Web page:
In order to establish emphatically the pre-eminence of Christianity over all that went before, the Epistle opens with a series of comparisons between Christ and the great representatives of the former dispensation. ( a ) In the ‘old time’ the messages of God were delivered ‘by divers portions and in divers manners’ through the prophets, but now ‘at the end of these days’ He has spoken His final word ‘in a Son’ ( Hebrews 1:1 ff.). ( b ) The Law of Moses was revealed through the mediation of angels and was ‘steadfast’ ( Hebrews 2:2 ); but angels were employed in service ‘on behalf of those who are to inherit salvation’ ( Hebrews 1:14 ), whereas the revelation through the medium of the Son who was ‘made a little lower than the angels’ was correspondingly of a higher order than that which had these beings as intermediaries ( Hebrews 1:4-14 , Hebrews 2:5-9 ). ( c ) The great lawgiver Moses occupied but the position of servant, and therefore holds a subordinate place to that of the Son in the Divine scheme of redemption ( Hebrews 3:2-6 ). ( d ) Finally, as Christ is personally superior to Aaron, so His office is essentially more profound and efficacious than that which typified it.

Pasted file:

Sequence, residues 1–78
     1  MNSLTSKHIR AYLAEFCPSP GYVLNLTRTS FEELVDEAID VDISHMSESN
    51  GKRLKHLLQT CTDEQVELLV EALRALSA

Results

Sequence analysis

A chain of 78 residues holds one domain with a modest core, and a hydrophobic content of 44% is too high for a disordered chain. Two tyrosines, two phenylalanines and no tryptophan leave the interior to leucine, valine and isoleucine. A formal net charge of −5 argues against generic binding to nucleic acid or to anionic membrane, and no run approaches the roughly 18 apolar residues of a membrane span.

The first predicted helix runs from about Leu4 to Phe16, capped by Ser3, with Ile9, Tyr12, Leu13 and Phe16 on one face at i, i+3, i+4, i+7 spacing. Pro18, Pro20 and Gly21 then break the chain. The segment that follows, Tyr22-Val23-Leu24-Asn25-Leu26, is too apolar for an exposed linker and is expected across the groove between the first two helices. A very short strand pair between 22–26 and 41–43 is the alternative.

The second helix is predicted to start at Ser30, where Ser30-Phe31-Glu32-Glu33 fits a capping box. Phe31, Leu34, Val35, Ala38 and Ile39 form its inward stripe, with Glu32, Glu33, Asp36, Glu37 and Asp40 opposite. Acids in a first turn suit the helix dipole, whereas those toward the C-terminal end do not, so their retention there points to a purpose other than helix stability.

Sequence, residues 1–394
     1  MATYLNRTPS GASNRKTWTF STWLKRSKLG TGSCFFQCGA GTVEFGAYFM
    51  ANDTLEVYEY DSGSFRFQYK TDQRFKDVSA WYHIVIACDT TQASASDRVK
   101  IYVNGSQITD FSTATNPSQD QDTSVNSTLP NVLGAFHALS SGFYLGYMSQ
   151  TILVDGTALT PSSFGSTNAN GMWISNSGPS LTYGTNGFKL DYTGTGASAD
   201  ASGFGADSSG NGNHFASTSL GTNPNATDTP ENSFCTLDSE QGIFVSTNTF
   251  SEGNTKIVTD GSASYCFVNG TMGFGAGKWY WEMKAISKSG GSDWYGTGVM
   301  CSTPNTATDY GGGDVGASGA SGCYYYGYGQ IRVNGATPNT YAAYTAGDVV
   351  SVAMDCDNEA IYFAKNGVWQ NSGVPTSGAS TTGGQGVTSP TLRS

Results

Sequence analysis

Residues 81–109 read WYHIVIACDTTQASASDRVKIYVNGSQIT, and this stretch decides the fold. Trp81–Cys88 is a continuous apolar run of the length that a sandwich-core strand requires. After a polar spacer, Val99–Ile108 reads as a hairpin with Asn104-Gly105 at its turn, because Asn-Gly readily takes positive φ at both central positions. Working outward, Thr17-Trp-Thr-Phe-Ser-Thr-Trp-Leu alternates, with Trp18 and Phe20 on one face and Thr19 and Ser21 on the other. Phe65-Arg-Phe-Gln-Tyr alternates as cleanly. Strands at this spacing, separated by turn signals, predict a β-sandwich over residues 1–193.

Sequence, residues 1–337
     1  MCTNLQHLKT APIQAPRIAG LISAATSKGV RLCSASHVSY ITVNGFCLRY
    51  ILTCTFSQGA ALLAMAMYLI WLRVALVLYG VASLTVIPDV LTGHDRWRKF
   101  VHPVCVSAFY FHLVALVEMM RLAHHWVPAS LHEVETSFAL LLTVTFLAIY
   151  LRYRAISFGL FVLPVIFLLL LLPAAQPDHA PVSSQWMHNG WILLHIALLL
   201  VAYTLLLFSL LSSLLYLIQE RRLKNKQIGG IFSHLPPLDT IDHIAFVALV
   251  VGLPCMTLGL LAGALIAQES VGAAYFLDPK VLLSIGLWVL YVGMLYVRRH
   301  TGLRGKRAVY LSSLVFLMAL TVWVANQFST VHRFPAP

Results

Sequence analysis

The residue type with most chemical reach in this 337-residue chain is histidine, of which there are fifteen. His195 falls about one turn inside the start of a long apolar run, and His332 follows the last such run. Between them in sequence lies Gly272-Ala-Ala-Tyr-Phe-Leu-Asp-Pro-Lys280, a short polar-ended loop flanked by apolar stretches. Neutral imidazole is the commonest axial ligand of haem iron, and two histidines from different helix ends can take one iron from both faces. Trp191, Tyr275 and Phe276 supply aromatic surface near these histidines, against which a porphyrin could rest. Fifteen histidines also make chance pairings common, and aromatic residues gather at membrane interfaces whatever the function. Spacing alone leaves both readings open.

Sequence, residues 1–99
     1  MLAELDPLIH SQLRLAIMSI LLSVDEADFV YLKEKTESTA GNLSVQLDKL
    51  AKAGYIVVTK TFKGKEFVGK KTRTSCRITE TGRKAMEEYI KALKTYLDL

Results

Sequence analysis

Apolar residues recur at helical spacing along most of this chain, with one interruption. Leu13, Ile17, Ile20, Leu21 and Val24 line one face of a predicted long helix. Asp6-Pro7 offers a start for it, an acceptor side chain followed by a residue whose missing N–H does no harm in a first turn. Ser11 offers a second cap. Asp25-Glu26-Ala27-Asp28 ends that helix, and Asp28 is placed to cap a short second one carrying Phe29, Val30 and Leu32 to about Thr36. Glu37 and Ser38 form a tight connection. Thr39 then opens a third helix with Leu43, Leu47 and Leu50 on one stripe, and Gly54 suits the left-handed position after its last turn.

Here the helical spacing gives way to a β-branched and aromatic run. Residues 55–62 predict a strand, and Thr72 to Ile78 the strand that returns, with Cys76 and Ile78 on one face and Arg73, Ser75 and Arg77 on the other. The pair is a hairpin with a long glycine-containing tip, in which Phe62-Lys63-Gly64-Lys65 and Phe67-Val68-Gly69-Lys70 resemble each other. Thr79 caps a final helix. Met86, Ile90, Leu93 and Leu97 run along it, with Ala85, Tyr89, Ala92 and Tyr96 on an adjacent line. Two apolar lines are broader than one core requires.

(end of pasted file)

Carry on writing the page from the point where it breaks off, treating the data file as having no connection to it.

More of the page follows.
This last comparison is elaborated at much greater length than the others (Hebrews 8:1 to Hebrews 10:18 ), and indeed in its argumentative treatment is developed into a contrast. The discussion here is simple but effective. All recognize that ‘without blood-shedding there is no forgiveness’ ( Hebrews 9:22 ), but Aaron and his successors went into the holy place ‘with blood not their own’ ( Hebrews 9:25 ), the blood of bulls and of goats, which cannot possibly take away sins. ( Hebrews 10:4 ). Moreover, the first requisite to the high-priestly service of atonement is that a sin-offering had to be made for the officiating priest himself before he offered for the people ( Hebrews 9:7 , Hebrews 5:3 ). The temporary makeshift character of these ordinances was shown and acknowledged by the fact that they had to be constantly repeated (‘once in the year,’ Hebrews 9:7 , cf. Hebrews 10:3 ). They had in themselves no moral uplifting force, cleansing the consciences of, and perfecting, ‘them that draw nigh’ ( Hebrews 10:1 f.). On the other hand, Christ entered into ‘the holy place once for all through his own blood’ ( Hebrews 9:12 ), and, though He ‘is able to sympathize with our weaknesses, having been tempted in all things according to the likeness of our temptations,’ yet He remained sinless ( Hebrews 4:15 ). He needed not to offer on His own behalf, for temptation and suffering proved to Him but stages in the process of perfecting His Sonship ( Hebrews 2:10 , Hebrews 5:2 f., Hebrews 7:28 ). In describing the personal character of the high priest suited to our needs, the writer is at the same time describing the character of the sacrifice which Christ offered, for ‘he offered up himself ( Hebrews 7:26 ff.). In order to obviate any objection likely to be made against the irregularity of a priesthood outside the Levitical order, he has already pointed to an OT case in point, and here he strengthens his plea by quoting from a Psalm universally recognized as Messianic. Melchizedek was a priest who had no genealogical affinity with the tribe of Levi, and yet he was greater than Aaron ( Hebrews 7:4-10 ); and it was said by God of His own Son that He should be a ‘priest for ever after the order of Melchizedek’ ( Hebrews 5:6 , Hebrews 7:17 ).